What is ahead? Alternative proteins

The frequent reports surrounding the lack of sustainability in animal farming has prompted a rise in consumers who decide to either lower their intake of animal products or eliminate them altogether. This has brought about an increase in plant-based alternatives in shops and restaurants.

A recent report by the Boston Consulting Group and Blue Horizon Corporation on alternative proteins shows that by 2035 about 11% of all “the meat, seafood, eggs and dairy eaten around the globe is very likely to be alternative”, although this is on the assumption that these alternatives will have reached full parity in taste, texture and price when compared with conventional animal proteins.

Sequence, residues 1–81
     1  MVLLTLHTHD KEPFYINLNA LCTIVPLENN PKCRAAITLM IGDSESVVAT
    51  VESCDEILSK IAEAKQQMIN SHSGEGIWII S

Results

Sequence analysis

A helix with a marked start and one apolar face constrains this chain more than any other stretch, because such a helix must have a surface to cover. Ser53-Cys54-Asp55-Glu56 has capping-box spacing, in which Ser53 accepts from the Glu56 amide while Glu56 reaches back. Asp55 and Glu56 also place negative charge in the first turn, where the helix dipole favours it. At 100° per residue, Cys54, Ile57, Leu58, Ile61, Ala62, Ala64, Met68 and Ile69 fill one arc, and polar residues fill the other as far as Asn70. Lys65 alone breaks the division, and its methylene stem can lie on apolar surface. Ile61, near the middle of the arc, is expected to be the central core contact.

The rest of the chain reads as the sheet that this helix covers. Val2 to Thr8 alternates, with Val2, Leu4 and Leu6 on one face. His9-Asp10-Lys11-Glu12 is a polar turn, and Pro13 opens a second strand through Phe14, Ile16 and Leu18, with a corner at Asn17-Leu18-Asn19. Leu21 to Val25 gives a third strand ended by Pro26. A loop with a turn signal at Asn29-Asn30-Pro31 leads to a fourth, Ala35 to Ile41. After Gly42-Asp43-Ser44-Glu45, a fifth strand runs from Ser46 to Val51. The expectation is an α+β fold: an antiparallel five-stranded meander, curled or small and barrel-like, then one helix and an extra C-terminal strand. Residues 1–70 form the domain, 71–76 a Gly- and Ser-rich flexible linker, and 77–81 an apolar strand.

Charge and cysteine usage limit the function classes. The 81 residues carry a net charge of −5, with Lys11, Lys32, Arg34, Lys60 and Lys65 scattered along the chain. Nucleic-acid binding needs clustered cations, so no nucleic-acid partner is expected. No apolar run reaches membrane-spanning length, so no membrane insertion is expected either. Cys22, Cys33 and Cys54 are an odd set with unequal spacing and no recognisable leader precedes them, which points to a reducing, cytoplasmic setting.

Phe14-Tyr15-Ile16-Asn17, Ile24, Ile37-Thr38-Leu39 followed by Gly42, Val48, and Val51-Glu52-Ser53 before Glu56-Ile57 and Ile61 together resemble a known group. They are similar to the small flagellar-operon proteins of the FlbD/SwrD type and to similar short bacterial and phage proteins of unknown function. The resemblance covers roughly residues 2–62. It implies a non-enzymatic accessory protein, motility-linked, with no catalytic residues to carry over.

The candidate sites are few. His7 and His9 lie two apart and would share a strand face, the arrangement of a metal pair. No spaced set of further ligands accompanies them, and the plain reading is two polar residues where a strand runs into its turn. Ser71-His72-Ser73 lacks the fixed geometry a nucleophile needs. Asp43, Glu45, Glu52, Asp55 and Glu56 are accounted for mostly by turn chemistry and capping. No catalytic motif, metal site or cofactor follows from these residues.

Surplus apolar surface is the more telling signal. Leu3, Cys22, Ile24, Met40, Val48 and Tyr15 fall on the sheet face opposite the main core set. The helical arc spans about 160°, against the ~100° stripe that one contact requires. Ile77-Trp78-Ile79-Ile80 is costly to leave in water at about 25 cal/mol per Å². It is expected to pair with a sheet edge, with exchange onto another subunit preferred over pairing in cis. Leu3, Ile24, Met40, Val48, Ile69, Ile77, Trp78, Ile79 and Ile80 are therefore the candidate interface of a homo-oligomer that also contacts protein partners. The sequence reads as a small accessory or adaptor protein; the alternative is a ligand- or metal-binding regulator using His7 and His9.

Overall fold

However, it is further estimated that this share of the global market could be even greater – up to 22% – if there is a push from regulators. The report also points at 2035 as the time when Europe and North America will have reached 'peak meat' and consumption should start to decline.

 

The impact of meat consumption on people's health and the environment are now well established, as is the cruelty of some farming practices, so it may well fall to national governments to regulate the markets towards more sustainable meat consumption and – ideally – a larger share of alternative proteins, as they become widely available and their benefits are widely shown.